mat-2-17He knew he was in trouble the next day when I picked them up from the airport. “Sorry,” he muttered. He handed over his iPod when I informed him that since he couldn’t use it as the communication tool it’s supposed to be, he’d have to separate from it until he figured out communication! 😉  He lay in bed that night explaining that he didn’t mean to be rude. He just didn’t know he was “responsible” for talking to his mom. Amazingly, I pointed out, he was able to communicate with his best friend during his trip. There were plenty of texts sent to another person’s device.

And then it hit me. Eric Erikson was right. Super Tall Guy was screeching into the “Industry (competence) vs. Inferiority” stage in which the peer group becomes more important to the child than the parent perspective. He may be ready to enter this stage, but his mom isn’t yet.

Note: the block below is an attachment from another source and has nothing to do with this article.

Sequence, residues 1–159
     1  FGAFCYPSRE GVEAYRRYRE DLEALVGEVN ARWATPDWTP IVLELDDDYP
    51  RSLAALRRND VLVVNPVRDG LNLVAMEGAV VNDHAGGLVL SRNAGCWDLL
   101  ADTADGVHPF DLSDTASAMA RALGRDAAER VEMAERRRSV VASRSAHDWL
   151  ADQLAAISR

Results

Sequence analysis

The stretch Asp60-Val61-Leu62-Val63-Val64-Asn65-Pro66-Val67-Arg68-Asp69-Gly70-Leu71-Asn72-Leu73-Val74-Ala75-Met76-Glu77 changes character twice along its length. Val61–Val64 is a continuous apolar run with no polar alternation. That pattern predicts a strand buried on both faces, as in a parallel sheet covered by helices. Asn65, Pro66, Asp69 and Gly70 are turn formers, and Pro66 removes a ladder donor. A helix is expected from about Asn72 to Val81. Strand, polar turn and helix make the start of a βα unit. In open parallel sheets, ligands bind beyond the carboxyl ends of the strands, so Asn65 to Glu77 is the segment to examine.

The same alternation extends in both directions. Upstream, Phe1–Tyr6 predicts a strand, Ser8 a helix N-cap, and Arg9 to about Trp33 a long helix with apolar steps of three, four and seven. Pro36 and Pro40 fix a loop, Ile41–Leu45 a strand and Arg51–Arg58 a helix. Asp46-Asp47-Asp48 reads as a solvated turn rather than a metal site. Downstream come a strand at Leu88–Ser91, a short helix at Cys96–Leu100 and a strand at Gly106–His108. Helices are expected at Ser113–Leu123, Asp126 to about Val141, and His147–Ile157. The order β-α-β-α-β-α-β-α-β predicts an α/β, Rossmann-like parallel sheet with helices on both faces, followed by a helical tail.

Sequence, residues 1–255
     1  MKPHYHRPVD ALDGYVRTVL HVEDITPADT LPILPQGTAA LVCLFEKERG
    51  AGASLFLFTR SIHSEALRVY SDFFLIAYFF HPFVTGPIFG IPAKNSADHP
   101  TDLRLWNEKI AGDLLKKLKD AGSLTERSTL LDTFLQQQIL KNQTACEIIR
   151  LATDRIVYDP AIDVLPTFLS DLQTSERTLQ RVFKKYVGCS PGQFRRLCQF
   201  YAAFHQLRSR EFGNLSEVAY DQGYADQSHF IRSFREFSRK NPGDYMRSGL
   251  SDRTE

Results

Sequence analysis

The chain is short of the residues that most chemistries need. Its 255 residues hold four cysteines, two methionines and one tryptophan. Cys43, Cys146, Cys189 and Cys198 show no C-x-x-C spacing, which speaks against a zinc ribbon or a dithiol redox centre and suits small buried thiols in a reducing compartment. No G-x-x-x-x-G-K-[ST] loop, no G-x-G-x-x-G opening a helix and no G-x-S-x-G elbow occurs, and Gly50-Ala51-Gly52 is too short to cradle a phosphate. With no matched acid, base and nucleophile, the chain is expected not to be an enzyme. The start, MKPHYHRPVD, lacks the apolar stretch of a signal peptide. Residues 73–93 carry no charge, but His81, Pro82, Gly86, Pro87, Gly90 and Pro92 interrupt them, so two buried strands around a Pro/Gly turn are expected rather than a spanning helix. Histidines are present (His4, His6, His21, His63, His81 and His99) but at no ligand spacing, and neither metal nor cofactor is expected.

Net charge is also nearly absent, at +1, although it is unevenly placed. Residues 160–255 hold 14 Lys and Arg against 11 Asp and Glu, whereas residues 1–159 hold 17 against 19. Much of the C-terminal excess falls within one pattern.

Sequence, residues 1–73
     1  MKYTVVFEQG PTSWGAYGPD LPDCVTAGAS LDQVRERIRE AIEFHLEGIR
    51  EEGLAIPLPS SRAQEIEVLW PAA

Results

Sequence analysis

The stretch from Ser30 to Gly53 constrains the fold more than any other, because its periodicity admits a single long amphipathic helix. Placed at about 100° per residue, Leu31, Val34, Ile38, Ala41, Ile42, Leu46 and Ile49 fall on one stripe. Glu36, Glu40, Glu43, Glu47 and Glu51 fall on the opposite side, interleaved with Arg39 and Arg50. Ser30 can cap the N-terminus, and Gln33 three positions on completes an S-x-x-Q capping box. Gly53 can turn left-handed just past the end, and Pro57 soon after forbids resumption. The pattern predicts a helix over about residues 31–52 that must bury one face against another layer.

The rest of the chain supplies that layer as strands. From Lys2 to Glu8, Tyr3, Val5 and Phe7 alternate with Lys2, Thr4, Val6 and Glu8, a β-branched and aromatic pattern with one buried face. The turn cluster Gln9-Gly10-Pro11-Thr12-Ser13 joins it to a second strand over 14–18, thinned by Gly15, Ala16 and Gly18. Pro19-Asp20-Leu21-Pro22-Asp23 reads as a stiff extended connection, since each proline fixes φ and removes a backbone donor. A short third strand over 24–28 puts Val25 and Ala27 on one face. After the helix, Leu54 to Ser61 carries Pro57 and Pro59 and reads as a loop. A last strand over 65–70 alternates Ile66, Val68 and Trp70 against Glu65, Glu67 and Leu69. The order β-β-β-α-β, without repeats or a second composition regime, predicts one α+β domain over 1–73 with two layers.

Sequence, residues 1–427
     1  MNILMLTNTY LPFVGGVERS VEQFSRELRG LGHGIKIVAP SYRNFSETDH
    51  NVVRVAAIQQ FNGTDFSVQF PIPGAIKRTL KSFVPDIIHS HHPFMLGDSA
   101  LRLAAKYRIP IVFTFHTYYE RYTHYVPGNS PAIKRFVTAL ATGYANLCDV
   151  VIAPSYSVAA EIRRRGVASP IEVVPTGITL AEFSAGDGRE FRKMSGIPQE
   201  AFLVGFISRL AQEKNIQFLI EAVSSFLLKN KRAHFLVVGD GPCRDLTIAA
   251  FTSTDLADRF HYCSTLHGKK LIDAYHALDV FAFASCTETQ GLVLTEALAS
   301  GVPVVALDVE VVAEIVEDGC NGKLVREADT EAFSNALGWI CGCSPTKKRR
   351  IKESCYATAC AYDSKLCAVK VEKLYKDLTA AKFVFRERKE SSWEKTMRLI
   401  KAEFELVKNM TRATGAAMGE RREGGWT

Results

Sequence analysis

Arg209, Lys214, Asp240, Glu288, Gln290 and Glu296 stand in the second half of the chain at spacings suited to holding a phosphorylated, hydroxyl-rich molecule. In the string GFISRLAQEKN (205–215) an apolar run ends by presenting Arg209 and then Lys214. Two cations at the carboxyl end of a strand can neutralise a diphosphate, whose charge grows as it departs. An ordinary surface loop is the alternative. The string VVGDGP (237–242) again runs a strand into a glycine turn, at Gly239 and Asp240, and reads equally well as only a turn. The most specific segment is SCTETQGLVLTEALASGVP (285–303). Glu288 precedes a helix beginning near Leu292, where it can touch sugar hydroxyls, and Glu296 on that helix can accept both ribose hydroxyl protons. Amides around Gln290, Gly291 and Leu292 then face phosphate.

Not only was he changing his focus in communicating, but he had also learned “independence” in bedtime during his trip away. Instead of listening to me drone on and on while reading, he now would rather listen to music. While I can’t begrudge the sudden “free” time I find in the evening, I miss those quiet moments of “Read Mom!” and sharing books together. Now I’m wondering how I will ever get book seven of the Harry Potter series read! 

It’s one thing to have a PhD in Developmental Psychology and to have learned all the stages in fine detail, but it’s another thing to be living them and trying to figure out how to best love my boys through each stage into adulthood, responsibility, independence, competence, self-assurance, wisdom and respect.

It’s a work in progress, but I think I’m learning a lot more than they are.

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Getting away from it all: Don’t forget Respite!